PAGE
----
Opera star explains how he bea

Opera star explains how he beat the odds to become one of SA’s most well-known exports

Opera star, Njabulo Madlala is one of South Africa’s best-known operatic exports, but life has not always been easy for this ex-Durbanite.

Opera star explains how he bea

We asked opera singer Njabulo Madlala, who will be performing in London next month, how he got to where he is today, and who his major influences were.

His early years

Madlala was raised by his single mother, who, although she could not always provide financially for him, lavished him with love, and he attributes much of his success to the love his mother, extended family and community showed him while he was growing up.

Madlala knows what it feels like to be poor. In fact, for much of his schooling, he was only able to attend school twice or three times a week because his family had no money for bus fare. Aware of the importance of education, he would sell whatever he could to raise money for the bus to ensure he could attend school as regularly as possible.

His grandmother’s influence

Madlala’s grandmother was “the strongest force” in his family. She worked as a domestic worker and was an intense lover of music. Madlala grew up listening to her singing and humming Zulu folk songs and lullabies, and although she was a quiet woman, she found peace and solace in music.

Madlala recalls, “Her prayer was also in song. I went to bed listening to her singing. There was something so special in her voice; I used to get goosebumps each time I think about it. She could easily have been a professional singer, her voice was really that good.

She was such an influence in my life and her life and journey mean so much to me. To this very day, I can hear her voice so clearly – mellow, dark, so rich in texture – just like the best sort of chocolate you can treat yourself to.”

One of his grandmother’s employers once threw away some old opera cassette tapes which she brought home. When Madlala heard them, he couldn’t stop listening. He recalls having never heard anything like that in his community.

Those tapes helped seal his fate. He told his family that after school he wanted to become an opera singer and travel the world.

How his opera career started

Madlala remembers how he just knew that tertiary education would be an impossibility for him because of his financial situation.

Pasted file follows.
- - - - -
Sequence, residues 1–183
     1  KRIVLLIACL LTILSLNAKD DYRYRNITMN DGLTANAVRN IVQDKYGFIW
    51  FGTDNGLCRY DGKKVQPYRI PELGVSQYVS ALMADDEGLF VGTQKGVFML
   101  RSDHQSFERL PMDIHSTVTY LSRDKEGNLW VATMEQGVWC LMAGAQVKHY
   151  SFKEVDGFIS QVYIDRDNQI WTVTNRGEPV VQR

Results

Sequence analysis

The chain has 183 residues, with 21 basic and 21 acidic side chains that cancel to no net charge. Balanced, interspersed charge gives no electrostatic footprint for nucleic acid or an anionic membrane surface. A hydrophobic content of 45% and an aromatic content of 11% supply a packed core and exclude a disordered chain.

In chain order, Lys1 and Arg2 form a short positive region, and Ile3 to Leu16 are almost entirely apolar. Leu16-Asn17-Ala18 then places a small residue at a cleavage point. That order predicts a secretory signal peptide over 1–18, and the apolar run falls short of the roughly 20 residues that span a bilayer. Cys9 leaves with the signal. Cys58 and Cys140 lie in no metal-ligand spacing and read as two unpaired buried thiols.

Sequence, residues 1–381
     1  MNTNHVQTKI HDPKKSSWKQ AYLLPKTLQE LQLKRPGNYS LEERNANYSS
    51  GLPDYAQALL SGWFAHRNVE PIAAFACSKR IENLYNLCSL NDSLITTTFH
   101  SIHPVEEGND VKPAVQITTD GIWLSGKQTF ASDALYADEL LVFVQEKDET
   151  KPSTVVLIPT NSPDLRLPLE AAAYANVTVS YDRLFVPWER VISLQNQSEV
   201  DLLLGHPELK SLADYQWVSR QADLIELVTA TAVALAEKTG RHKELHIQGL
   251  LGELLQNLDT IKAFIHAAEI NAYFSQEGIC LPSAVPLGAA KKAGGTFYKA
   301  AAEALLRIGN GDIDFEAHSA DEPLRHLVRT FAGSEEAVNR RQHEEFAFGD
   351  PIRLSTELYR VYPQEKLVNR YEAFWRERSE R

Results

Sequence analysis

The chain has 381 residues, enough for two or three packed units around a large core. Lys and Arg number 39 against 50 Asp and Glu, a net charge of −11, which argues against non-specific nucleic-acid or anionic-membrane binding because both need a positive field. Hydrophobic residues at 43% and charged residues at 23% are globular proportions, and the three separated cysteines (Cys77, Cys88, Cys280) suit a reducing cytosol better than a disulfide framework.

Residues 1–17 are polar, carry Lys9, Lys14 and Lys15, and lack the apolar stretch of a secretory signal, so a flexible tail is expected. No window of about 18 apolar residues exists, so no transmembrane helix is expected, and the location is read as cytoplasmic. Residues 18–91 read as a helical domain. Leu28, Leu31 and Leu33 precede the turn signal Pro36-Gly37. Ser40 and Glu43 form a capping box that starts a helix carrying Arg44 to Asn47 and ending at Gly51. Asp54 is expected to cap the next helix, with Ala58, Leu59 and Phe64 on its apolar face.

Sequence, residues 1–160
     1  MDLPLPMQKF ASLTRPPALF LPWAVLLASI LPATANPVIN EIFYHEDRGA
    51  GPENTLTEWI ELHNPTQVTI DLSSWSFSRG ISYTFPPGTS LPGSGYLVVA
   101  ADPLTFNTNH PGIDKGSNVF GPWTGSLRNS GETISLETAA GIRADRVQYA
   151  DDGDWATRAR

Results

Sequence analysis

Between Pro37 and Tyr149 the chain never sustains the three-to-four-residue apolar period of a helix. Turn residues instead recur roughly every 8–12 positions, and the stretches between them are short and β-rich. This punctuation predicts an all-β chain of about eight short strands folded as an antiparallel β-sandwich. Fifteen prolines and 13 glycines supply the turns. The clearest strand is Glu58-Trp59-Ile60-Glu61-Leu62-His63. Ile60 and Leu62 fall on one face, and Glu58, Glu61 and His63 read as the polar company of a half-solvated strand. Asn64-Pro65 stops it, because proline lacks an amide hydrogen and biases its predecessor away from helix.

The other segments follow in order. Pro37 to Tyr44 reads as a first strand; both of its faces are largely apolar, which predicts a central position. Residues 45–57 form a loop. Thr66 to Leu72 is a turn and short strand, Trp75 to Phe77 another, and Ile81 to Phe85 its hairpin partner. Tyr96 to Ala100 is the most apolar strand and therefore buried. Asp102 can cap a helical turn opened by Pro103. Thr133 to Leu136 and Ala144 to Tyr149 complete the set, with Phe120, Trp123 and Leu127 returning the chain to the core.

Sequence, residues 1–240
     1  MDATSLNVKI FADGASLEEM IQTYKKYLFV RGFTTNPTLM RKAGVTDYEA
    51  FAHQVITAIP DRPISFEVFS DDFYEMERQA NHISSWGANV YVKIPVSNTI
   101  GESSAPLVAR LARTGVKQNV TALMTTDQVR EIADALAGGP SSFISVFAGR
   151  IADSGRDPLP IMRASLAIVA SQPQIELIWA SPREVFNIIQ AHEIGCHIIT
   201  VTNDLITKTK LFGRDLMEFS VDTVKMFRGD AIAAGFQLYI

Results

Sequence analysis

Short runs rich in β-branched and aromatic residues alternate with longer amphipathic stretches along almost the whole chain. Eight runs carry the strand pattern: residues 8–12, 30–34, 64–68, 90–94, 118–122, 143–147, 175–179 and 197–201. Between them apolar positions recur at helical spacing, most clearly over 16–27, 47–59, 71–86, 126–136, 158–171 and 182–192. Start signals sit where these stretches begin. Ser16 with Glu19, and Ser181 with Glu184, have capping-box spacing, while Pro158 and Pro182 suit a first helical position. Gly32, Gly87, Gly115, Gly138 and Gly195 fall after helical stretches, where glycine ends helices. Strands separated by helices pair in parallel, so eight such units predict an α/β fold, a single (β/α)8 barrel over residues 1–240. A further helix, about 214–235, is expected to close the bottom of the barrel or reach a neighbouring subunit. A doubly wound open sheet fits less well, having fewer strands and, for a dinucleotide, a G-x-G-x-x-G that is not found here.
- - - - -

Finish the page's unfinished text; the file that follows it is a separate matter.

“I was never going to be able to step through the doors of a university. I was never to become anything like that in life. It was a painful time, but each time I found myself escaping and getting lost in the music. I figured I needed to make my life work using singing and music. Although it was not clear how, it was my only hope and it saved my life.”

Madlala’s first break came when he was part of the chorus in a production of Carmen, produced by the Spier Arts Festival.

“It was a job and at the time I had very little option. It gave me money to buy my mother and the rest of our family food. That Carmen production went on to tour the world and still singing in the chorus, I set off for London.”

Realizing his need to keep going and not to return home where his options were far more limited, Madlala made some enquiries and decided to visit the Guildhall School of Music and the Royal College School of Music and Drama.

He was given the opportunity to audition outside of the official audition period, but this opportunity proved that he was at the right place at the right time, as he was offered the opportunity to prepare a piece and return in two weeks for an official audition.

Madlala recalls, “As I could not read music, I simply bought myself a recording and learnt the arias that way. After two weeks I was ready to audition. At the end of the audition, I was offered a full scholarship and the rest is history!”

To attend the concert in February, book tickets via this link or email info@voicesofsouthafrica.org

Date: Thursday, 8 February 2018

Time: 18:30 – 21:30

Venue: South African High Commission, Trafalgar Square

Funds raised from the event will go towards supporting 35 singers and their 10 teachers as they embark on a two-week intensive training programme in South Africa on 14-27 February.

Donations: If you cannot make it but would still like to support the initiative, please do so on our online campaign by following this link.